December 30, 2008

Business and Poker? Interesting Comparisons

What if everything you need to know about business could be learned from playing poker?

I love analogies and these comparisons about learning about business from poker strategies is worth note. Funny and at the same time much of it makes one think twice...


  • Table selection is the most important decision you can make.
  • It's okay to switch tables if you discover it's too hard to win at your table.
  • If there are too many competitors (some irrational or inexperienced), even if you're the best it's a lot harder to win.

  • Act weak when strong, act strong when weak. Know when to bluff.
  • Your "brand" is important.
  • Help shape the stories that people are telling about you.

  • Always be prepared for the worst possible scenario.
  • The guy who wins the most hands is not the guy who makes the most money in the long run.
  • The guy who never loses a hand is not the guy who makes the most money in the long run.
  • Go for positive expected value, not what's least risky.
  • Make sure your bankroll is large enough for the game you're playing and the risks you're taking.
  • Play only with what you can afford to lose.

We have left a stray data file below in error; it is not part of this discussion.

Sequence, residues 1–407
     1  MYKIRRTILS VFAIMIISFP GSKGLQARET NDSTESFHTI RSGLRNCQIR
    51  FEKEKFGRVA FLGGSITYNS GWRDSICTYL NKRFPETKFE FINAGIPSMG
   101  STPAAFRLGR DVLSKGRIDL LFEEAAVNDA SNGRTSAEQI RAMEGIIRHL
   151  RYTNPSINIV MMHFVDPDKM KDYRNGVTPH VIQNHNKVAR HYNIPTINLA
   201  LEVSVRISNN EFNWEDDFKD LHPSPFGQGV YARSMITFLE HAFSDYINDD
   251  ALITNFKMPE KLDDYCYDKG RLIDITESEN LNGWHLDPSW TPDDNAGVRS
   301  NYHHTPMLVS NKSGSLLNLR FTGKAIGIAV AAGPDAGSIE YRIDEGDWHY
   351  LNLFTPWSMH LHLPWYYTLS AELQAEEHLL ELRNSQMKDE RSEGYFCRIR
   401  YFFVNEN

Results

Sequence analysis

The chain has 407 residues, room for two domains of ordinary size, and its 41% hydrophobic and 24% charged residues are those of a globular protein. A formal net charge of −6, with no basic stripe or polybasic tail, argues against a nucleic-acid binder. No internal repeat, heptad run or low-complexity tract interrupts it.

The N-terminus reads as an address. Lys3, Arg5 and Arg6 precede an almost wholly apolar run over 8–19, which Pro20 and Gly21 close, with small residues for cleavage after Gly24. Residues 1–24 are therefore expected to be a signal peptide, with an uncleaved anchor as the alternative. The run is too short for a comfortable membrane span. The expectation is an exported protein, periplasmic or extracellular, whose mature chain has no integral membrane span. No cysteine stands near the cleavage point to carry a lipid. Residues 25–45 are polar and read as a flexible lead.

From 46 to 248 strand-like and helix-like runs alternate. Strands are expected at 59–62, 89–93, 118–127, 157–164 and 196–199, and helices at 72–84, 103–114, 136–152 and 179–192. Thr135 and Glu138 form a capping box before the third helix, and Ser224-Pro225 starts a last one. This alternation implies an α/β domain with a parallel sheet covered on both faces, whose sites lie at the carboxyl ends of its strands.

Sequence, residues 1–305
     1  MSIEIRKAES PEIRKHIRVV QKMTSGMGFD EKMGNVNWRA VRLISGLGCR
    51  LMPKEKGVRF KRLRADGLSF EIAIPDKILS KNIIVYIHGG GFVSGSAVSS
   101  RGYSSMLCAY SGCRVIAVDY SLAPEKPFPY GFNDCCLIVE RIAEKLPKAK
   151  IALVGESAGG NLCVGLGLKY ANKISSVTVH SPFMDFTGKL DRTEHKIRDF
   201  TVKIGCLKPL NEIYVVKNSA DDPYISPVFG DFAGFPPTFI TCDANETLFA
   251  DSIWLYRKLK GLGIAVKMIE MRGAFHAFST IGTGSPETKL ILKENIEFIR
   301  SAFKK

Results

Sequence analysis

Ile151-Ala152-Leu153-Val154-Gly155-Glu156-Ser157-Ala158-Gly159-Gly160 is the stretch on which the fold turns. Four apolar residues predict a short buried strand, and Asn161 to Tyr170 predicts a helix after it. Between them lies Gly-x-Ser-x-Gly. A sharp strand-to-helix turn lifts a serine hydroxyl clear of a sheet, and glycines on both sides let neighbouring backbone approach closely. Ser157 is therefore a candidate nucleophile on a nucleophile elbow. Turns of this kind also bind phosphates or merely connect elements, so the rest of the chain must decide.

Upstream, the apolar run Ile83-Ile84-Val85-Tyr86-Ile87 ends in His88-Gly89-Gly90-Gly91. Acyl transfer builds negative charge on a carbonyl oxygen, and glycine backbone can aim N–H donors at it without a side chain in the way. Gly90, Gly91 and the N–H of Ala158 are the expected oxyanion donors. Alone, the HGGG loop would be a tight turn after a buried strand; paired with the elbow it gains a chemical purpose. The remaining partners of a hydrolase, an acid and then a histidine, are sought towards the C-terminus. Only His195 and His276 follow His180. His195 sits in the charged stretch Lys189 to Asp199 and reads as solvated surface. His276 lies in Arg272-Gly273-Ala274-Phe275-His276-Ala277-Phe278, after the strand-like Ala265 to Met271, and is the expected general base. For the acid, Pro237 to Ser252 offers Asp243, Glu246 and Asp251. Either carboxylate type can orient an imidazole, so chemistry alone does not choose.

• Remember it's a long term game. You will win or lose individual sessions, but it's what happens in the long term that matters.

  • Don't play games that you don't understand, even if you see lots of other people making money from them.
  • Figure out the game when the stakes aren't high.
  • Don't cheat. Cheaters never win in the long run.
  • Stick to your principles.
  • You need to adjust your style of play throughout the night as the dynamics of the game change. Be flexible.
  • Be patient and think long term.
  • The players with the most stamina and focus usually win.
  • Differentiate yourself. Do the opposite of what the rest of the table is doing.
  • Hope is not a good plan.
  • Don't let yourself go "on tilt". It's much more cost effective to take a break, walk around, or leave the game for the night.

  • Educate yourself. Read books and learn from others who have done it before.
  • Learn by doing. Theory is nice, but nothing replaces actual experience.
  • Learn by surrounding yourself with talented players.
  • Just because you win a hand doesn't mean you're good and you don't have more learning to do. You might have just gotten lucky.
  • Don't be afraid to ask for advice.

  • You've gotta love the game. To become really good, you need to live it and sleep it.
  • Don't be cocky. Don't be flashy. There's always someone better than you.
  • Be nice and make friends. It's a small community.
  • Share what you've learned with others.
  • Look for opportunities beyond just the game you sat down to play. You never know who you're going to meet, including new friends for life or new business contacts.
  • Have fun. The game is a lot more enjoyable when you're trying to do more than just make money.
See entire bog post here

and I would add to his list...
"You've got to know when to hold 'em, know when to fold 'em, know when to walk away...know when to run... " Hard selling is not selling, more likely to make enemies.

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